The Polish border guard said it had recorded nearly 600 crossing attempts by migrants Tuesday, as well as “three large scale” efforts overnight into Wednesday, with more than 100 migrants in each group trying to breach the fence.
Nine people were detained and 48 people were immediately sent back to Belarus, a border guard press officer told reporters Wednesday. Polish defense minister Mariusz Błaszczak told Polish radio that there was still a substantial group of people on the Belarusian side of the Kuznica border crossing, which authorities closed on Tuesday. A Polish border guard representative previously told CNN that some of the migrants were pushed toward the barriers by Belarusian services.
Błaszczak added that a camp of migrants at Kuznica had also split off into smaller groups, without giving numbers.
A perilous journey
Journalists and aid workers have been blocked from traveling to the area by an exclusion zone put into effect after Poland declared a state of emergency recently. Only local residents are permitted to enter the area after showing identification documents.
Several of those who live inside the zone told CNN the increased presence of military police and border guards has been noticeable and that they aren’t seeing more migrants than normal. Polish rights activists have said the additional troop deployment appears to have sealed the border near Kuznica as they haven’t received any calls from migrants seeking help in the last three days.
Youssef Atallah, a 37-year-old Syrian, arrived in Poland recently after his third attempt at crossing from Belarus. Speaking at a refugee center in Białystok, he recalled how upon arriving at the border, guards caught his group of four and he was beaten, leaving him with facial injuries, a broken nose and bruised ribs.
“They took us to the forbidden area. That was the first try to cross the border to Poland,” he told CNN. He said Belarusian officials refused to provide medical aid and repeatedly told them to head to Poland rather than return to Minsk.
While making their way through the forest, the group got separated while trying to flee Polish guards. Atallah said his memory of the journey is muddled because of his medical issues but he has been told he spent three days in the forest before he was picked up by Polish police and brought to the refugee center. While making the treacherous journey into Poland, Atallah said he had no food and drank water from a swamp. He added, “I saw stuff left by another refugee group (and) I found a cube of sugar. I just start sucking on it because I can’t chew, I can’t bite or anything.”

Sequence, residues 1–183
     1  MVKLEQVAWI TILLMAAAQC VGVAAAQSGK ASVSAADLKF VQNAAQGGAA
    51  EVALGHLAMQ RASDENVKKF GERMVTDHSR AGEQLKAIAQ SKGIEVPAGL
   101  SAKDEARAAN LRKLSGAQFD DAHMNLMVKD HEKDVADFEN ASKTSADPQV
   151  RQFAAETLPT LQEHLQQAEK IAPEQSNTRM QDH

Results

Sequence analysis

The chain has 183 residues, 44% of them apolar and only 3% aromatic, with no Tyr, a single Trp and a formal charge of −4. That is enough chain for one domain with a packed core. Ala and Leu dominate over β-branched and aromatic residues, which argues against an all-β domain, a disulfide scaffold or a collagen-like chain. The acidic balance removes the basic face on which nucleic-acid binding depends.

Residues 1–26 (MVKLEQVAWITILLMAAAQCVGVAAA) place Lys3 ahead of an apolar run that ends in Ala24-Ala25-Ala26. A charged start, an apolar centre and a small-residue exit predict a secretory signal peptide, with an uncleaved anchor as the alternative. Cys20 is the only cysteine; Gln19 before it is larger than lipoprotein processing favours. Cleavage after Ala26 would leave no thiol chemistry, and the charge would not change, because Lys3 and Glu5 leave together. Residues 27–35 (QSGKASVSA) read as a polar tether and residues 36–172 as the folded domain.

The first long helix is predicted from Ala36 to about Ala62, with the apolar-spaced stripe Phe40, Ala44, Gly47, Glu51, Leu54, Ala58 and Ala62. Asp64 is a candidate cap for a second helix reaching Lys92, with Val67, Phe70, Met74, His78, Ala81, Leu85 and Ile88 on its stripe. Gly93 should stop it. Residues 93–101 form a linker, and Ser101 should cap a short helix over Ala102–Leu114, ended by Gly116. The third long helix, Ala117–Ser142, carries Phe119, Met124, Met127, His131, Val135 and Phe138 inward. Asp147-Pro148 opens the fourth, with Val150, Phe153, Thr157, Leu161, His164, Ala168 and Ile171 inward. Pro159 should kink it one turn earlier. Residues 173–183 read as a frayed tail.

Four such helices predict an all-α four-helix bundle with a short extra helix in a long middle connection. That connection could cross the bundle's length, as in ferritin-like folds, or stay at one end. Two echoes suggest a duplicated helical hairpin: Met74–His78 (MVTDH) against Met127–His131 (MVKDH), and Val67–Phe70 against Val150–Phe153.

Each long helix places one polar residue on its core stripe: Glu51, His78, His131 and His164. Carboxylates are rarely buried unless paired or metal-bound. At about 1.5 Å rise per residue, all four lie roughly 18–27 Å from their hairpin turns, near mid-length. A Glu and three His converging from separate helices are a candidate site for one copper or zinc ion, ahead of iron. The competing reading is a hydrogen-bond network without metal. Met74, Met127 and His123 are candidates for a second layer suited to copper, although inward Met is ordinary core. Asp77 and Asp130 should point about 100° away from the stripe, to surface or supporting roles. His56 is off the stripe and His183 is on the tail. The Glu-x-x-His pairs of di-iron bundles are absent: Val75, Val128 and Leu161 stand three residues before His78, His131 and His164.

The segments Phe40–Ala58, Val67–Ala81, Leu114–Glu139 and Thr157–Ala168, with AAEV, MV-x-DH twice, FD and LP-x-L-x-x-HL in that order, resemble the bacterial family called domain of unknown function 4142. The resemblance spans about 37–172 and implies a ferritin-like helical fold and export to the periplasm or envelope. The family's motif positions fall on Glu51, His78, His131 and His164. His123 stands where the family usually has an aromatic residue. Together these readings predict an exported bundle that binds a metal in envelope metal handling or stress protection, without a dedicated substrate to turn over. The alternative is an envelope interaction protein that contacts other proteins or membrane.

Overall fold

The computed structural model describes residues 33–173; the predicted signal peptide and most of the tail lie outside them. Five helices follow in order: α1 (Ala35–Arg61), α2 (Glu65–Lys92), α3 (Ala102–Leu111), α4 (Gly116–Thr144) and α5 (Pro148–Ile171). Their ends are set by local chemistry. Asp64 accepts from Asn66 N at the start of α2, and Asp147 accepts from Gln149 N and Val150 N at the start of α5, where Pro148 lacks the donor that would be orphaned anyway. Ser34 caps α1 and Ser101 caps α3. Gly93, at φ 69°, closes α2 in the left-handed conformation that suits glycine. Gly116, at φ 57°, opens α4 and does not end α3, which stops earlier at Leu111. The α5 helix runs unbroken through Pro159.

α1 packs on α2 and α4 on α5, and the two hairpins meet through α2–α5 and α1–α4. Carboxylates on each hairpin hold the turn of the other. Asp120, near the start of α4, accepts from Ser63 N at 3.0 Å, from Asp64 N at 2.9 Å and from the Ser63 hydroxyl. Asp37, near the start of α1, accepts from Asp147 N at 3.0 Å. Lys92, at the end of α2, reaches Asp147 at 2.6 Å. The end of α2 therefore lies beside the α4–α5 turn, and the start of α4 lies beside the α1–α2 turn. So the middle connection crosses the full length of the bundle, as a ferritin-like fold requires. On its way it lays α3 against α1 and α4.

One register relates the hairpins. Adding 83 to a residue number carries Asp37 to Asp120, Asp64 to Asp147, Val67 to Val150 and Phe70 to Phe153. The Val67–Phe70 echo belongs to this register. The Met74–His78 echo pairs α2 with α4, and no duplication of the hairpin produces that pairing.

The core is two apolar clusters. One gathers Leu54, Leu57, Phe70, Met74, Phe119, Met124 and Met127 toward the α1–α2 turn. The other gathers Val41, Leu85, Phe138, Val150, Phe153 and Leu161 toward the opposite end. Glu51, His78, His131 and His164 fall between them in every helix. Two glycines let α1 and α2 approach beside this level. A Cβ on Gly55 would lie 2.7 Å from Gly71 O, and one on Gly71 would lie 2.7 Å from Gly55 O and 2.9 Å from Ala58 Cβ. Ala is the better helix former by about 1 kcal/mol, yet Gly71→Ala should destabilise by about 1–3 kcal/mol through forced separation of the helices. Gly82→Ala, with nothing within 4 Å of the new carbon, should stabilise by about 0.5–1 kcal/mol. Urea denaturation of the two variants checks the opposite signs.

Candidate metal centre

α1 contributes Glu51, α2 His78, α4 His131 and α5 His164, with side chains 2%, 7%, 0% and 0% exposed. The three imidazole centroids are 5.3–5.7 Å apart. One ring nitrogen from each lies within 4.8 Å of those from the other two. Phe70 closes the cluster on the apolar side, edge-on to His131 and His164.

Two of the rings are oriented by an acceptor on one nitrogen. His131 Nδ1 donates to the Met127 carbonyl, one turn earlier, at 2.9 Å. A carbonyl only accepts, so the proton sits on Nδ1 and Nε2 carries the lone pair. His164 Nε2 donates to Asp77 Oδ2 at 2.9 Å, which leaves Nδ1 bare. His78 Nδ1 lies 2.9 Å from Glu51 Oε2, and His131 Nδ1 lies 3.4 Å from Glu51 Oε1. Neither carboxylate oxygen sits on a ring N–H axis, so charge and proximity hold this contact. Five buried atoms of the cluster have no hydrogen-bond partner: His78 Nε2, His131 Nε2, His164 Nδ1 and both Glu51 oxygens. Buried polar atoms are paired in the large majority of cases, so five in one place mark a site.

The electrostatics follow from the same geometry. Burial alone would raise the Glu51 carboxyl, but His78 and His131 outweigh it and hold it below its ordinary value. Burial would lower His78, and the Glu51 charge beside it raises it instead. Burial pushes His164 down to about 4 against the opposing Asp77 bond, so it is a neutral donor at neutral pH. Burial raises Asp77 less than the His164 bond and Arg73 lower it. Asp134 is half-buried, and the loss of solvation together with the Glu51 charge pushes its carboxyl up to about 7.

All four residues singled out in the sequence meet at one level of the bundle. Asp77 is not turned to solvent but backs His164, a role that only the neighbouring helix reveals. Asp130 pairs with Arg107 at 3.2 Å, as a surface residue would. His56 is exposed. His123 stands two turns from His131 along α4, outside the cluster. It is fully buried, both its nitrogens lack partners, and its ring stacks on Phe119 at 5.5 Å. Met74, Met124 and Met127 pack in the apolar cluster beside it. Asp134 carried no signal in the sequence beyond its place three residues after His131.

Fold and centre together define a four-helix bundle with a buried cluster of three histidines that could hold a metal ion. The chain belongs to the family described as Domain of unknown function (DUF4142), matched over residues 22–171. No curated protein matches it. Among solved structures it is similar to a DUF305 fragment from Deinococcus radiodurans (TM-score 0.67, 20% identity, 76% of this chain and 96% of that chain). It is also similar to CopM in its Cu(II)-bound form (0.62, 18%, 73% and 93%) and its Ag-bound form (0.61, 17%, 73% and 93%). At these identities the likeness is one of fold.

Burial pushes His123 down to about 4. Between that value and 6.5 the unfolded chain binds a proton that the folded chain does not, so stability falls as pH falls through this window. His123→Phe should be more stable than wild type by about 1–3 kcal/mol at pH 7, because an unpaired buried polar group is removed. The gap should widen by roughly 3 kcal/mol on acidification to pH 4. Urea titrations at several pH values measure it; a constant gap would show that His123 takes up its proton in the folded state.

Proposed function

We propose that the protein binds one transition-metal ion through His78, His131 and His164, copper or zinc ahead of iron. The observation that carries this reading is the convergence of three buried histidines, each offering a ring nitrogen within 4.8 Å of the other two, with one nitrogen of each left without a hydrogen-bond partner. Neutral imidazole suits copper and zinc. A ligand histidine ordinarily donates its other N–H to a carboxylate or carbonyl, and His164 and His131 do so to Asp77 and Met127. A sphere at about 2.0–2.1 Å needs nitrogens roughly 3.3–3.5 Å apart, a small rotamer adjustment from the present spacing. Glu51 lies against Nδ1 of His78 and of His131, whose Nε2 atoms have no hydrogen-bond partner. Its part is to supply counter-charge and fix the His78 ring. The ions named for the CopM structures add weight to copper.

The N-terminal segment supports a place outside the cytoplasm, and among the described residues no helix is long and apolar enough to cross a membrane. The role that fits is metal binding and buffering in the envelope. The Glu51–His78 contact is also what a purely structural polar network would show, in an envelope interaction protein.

He said his experience of the Polish guards and at the center has been starkly different to his treatment by Belarusian officers. “They are very kind with us actually. They took me to the hospital and the crew at the hospital are marvelous. The doctors even gave me clothes.”
Despite the grueling journey, Atallah said he’d make the trip again for his family due to the perilous humanitarian situation back in Syria.
Tense border standoff
Polish authorities Wednesday posted two videos from the border that they claim shows Belarus troops firing into the ground and scuffling with people. Poland said the footage shows the tactics employed by the Belarusian services to intimidate migrants in their presence. CNN cannot verify that claim as the video is not clear enough to say what is happening — but it is yet an example of the war of words which have escalated in the conflict.
Anton Bychkovsky, the press secretary for the Belarusian State Border Committee, which is responsible for the country’s external borders, pushed back on the allegation, saying the video does not allow an objective assessment of the full picture. He described it as a likely provocation from the Polish side “with the aim of further escalating the situation and diverting attention from its own actions in relation to refugees, as well as for manipulating public opinion.”
Separate footage posted by Polish police to Twitter Wednesday showed rows of officers in riot gear with large protective shields lining parts of the border as helicopters monitor the situation from above. Aerial footage shows tents and smoke billowing from small campfires scattered along the Belarusian side of the barrier close to nearby forests. In other Polish footage shared overnight, soldiers remained in formation closely watching the fencing, occasionally raising torches to check any movement close by, their breath visible in the sub-zero temperatures.
In multiple videos from Polish authorities earlier this week, migrants were seen desperately trying to breach the barriers with shovels, wire cutters and brute force.